The scholarships support the graduate studies of future environmental leaders
Three graduate students from the University of Hawaii at the Mānoa School of Ocean and Earth Science and Technology (SOEST) have been selected to receive Hauʻoli Mau Loa Foundation scholarships. The overall goal of these assistantships is to train the next generation of natural resource management leaders in Hawaii.
The students were chosen because of their strong academic records as undergraduates, their connection and integration with the local conservation community, their passion for ʻāina and a keen interest in the preservation and protection of shared and limited natural resources, and their commitment to professional and future efforts to preserve and sustain their local environment. The two-year scholarships for Hawaii high school graduates, which includes tuition waiver, regular stipend and funds for professional development, will help increase the number of qualified graduates Hawaii students and professionals pursuing careers in environmental resource management.
Musselman, a graduate student in oceanography advised by SOEST Faculty Rosie Alegado and Shimi Riistudies the basis of the aquatic food web in the Heʻeia National Estuarine Research Reserve. She studies microscopic phytoplankton to understand how environmental factors inside and outside the fish pond affect their diversity and the resulting health and abundance of fish.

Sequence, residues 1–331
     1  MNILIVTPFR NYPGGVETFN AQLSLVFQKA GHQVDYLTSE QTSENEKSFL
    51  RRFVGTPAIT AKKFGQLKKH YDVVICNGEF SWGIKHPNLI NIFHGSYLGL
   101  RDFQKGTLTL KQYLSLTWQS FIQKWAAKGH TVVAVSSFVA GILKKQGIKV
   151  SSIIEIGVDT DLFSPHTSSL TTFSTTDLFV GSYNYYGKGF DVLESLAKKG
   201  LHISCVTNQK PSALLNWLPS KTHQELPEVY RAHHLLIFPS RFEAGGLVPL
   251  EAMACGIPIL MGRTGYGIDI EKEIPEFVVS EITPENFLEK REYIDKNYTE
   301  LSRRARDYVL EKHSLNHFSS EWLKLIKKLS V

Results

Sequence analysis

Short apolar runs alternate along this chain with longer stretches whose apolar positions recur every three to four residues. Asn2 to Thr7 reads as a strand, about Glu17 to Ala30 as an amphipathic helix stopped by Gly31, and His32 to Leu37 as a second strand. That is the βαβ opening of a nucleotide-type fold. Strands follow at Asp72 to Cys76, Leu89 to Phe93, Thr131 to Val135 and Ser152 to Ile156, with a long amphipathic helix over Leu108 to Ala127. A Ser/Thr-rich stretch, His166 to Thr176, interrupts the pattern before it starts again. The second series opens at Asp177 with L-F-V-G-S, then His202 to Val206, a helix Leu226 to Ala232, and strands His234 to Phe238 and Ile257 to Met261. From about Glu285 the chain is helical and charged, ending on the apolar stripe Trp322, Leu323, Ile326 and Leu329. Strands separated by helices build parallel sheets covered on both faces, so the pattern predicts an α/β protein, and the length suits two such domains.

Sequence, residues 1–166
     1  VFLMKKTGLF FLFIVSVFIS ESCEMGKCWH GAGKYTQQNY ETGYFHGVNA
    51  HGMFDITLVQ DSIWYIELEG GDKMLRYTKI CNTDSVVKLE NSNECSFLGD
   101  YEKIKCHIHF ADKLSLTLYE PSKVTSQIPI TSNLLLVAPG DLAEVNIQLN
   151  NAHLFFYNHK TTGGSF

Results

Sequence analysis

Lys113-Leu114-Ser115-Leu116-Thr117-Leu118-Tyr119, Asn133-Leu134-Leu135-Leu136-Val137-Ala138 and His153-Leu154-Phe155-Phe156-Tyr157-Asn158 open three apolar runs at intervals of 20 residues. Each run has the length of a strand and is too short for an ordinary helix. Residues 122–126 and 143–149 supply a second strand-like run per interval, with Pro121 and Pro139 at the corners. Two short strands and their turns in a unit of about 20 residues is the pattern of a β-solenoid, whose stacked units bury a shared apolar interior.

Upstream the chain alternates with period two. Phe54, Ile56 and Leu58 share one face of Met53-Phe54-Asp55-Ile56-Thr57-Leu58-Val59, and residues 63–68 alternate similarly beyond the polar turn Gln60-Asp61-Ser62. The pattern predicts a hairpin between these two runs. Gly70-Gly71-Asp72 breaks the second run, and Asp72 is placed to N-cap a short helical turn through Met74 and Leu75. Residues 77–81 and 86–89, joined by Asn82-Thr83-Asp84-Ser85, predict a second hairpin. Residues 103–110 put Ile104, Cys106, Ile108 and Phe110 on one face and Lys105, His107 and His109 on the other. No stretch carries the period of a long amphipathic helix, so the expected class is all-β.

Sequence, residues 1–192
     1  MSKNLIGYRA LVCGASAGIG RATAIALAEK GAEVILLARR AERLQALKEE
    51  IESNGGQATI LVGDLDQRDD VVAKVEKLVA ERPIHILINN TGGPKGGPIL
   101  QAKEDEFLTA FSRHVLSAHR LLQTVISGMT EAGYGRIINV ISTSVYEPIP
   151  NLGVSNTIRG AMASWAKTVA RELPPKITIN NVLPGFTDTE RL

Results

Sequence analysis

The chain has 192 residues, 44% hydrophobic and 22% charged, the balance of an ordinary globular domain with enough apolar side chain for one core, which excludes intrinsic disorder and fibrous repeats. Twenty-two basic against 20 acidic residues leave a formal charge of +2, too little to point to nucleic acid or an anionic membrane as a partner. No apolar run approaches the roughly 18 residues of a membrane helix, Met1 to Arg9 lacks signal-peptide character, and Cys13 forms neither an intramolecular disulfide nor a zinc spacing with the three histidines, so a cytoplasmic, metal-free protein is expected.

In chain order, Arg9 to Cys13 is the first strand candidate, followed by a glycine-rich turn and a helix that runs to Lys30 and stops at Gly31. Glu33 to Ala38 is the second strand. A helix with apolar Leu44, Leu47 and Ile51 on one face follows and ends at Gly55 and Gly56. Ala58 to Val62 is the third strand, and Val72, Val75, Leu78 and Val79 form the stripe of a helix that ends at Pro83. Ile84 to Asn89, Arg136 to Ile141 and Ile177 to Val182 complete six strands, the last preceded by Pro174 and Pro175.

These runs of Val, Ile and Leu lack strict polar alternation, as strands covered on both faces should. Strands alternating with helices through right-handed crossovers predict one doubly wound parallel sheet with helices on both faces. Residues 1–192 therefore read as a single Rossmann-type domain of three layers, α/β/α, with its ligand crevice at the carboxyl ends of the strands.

“The data generated by this project will be used to provide a deeper understanding of the biological and ecological impacts of the incredible restoration efforts being made to Heʻeia Fishpond by community organization Paepae o Heʻeia,said Musselman. “I am honored to receive this scholarship, and it will allow me to continue to follow my passions for local conservation and pursue a career in ocean conservation and the protection of marine ecosystems throughout the Hawaiian Islands.”
Ramos, who is currently completing a bachelor’s degree at uh Hilo, will be a graduate student in Earth Sciences in the fall of 2022. His work with Professor Henrietta Dulai will be to examine groundwater flows in coastal environments. In his previous research, he determined the quantity and quality of groundwater delivered to coastal areas with various tools that collected radium/radon isotopes, stable nitrogen isotopes, and the presence of pharmaceuticals.
“Water Resources Monitoring Hawaii and contaminants leaching from wastewater sources like septic tanks and other anthropogenic sources provide important information to our communities,” Ramos said. “I greatly appreciate the Hauʻoli Mau Loa Foundation for their support and for my mentors and peers who nurtured my growth in research.
Veneri, who is currently finishing his studies at the University of San Diego, will join uh as a graduate student in marine biology. Work with Hawaii Assistant teacher-researcher at the Institute of Marine Biology Elizabeth MadinVeneri will examine the distribution of native corals and invasive algal species and determine how human-induced runoff will affect the spatial distribution of competing species.
“Preserving native ecosystems through conservation research and restoration has always been the most important part of my studies,” Veneri said. “Take the graduate program in marine biology with the help of the Hauʻoli The Mau Loa Foundation Graduate Studies Assistant will allow me to combine my undergraduate degree in Environmental and Ocean Sciences with my love and responsibility for Hawaii ecosystems”.
This program is an example of uh Mānoa’s goal of improving student achievement (PDF), one of the four objectives defined in the Strategic Plan 2015-2025 (PDF), updated December 2020.